Student Voice


April 25, 2024



Changes underway in the CSTA department

October 19, 2007

The new academic year at UW-River Falls brought some departmental changes along with it.  The former Speech Communications and Theater Arts department (SCTA) is one department which underwent many changes and reorganizations, as it is now referred to as the Communication Studies and Theater Arts (CSTA) department.

“The change was made to more clearly reflect the mission of the department,” Robin Murray, chair of the CSTA department, said.  “Communication Studies is a broader term, and while we do teach the Fundamentals of Oral Communication and other general studies courses, our students learn a great deal more than how to write and present a speech.”

Murray said that the change was fronted by faculty and members in the department.  Following UWRF regulations, Murray and the department presented the name change to a number of panels and committees during the approvals process before it was actually changed. 

In addition to the name change, the department also made some changes in curriculum and reorganization, keeping the focus on the students and working to create programs that serve their needs and prepare them for the future.

“The faculty listened to feedback from students and created new curriculum plans that will help students track their courses into career paths that are more useful to them than the previous [curriculum],” Murray said.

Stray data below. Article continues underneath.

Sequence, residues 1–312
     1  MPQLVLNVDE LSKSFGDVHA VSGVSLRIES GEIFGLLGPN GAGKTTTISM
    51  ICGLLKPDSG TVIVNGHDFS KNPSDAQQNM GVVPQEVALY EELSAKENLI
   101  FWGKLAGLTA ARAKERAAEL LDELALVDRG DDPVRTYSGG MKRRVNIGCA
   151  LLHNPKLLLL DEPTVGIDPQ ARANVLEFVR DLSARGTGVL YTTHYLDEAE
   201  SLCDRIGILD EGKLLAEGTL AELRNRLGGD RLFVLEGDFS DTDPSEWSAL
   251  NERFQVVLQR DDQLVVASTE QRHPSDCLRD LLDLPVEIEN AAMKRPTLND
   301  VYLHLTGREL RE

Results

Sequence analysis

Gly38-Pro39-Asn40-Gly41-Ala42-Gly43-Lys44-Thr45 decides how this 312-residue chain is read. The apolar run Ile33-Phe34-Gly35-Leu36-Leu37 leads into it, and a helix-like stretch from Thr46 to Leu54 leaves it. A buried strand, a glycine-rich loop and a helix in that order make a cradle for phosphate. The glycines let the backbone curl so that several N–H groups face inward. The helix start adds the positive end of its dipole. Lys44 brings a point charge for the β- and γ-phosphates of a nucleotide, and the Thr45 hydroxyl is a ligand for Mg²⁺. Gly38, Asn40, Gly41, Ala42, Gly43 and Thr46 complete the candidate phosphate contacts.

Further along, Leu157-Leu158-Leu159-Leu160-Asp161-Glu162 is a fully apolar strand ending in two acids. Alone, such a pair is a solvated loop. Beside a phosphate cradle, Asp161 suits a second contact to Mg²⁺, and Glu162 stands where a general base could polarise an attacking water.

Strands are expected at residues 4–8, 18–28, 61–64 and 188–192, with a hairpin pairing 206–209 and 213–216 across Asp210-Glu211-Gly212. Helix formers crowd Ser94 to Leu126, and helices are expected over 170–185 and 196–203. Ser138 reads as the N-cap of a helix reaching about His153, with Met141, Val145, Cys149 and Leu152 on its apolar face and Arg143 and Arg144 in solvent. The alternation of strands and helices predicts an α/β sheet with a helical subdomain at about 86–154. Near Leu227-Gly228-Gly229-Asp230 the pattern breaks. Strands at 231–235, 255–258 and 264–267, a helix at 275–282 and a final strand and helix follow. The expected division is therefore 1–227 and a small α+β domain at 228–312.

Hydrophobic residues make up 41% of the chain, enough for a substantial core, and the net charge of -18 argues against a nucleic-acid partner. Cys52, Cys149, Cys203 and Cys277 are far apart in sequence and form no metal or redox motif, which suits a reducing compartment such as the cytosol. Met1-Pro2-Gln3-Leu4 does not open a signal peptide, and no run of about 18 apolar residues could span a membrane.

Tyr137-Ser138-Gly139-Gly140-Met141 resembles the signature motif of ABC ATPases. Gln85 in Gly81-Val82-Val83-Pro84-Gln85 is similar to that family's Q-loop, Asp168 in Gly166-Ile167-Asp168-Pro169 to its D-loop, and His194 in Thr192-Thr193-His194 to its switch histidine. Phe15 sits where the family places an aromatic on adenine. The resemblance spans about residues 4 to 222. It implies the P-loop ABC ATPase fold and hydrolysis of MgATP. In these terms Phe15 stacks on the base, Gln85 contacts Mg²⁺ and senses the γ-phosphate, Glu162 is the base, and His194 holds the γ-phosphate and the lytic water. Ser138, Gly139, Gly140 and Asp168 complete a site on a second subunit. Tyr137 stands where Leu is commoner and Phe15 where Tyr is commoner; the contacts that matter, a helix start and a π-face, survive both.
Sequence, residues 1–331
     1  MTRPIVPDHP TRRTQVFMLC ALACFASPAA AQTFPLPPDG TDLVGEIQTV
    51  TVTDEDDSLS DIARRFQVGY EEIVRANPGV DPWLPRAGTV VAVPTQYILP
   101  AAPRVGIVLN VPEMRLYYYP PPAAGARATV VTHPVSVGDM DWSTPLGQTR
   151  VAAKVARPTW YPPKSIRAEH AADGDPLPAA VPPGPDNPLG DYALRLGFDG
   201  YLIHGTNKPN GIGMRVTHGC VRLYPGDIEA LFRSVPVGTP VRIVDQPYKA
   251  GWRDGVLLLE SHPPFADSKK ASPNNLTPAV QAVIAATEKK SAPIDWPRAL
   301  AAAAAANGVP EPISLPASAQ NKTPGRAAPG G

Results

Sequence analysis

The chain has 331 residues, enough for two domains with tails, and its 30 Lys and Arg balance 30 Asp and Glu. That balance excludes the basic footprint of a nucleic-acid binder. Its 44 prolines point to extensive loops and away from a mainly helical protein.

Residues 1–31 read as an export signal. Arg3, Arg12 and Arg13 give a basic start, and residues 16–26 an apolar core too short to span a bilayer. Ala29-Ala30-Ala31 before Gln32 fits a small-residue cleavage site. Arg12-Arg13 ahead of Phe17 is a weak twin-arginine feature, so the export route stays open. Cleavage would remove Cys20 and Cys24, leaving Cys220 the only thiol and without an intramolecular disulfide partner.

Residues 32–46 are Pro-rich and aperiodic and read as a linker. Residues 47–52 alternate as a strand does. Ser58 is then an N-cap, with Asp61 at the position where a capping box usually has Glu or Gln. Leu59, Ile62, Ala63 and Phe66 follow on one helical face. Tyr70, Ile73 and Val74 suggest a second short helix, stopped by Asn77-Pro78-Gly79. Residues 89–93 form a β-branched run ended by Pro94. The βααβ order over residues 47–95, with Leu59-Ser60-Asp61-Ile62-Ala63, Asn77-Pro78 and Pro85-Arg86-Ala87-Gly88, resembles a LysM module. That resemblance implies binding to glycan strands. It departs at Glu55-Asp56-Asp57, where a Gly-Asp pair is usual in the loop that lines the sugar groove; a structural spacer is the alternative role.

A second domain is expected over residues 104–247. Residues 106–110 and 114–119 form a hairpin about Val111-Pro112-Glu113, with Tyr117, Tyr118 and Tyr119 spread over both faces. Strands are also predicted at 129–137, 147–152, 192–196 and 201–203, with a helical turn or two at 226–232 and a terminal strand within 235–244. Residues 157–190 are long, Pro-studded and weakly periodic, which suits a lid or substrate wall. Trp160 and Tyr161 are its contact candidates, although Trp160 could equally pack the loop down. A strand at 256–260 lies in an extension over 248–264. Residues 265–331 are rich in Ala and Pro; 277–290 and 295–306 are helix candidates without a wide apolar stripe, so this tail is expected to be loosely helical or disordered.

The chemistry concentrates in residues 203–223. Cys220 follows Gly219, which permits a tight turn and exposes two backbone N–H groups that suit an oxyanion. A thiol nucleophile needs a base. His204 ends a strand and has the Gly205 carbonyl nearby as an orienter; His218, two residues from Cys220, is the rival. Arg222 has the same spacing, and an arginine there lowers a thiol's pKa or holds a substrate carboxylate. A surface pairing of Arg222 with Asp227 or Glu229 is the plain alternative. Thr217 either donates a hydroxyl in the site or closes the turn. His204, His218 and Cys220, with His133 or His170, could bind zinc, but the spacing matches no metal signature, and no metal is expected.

CSTA professor Jennifer Willis-Rivera enjoys the curriculum changes and notes that it has not really affected much of what she was already doing as a professor.
“I’m really happy about the changes to the department,” she said.  “Changing our name helps us to reflect what it is we actually do.  Speech communication gave people the sense that most of what we do is public speaking when, in truth, most of what we do is study how communication happens around us and how it shapes our everyday lives.”

Willis-Rivera, who is in her fourth year of teaching at UWRF, said that so far, students taking classes in the department are happy about the changes because the new name makes it easier to explain what exactly it is they’re doing. 

Murray agrees and doesn’t foresee any problems that can’t be solved.

“New students will automatically work in this program,” she said.  “Continuing students have the choice to continue with their previous degree program or pick up the new one.”  According to Murray, there are currently 155 students majoring in CSTA, with 64 minoring in it.

Willis-Rivera said she is glad to have been a part of the departmental restructuring.  “We have a great department with dedicated and active students and faculty,” she said.  “This is a department that is moving forward to reflect the discipline of communication as a whole, and I’m excited to be a part of this change.”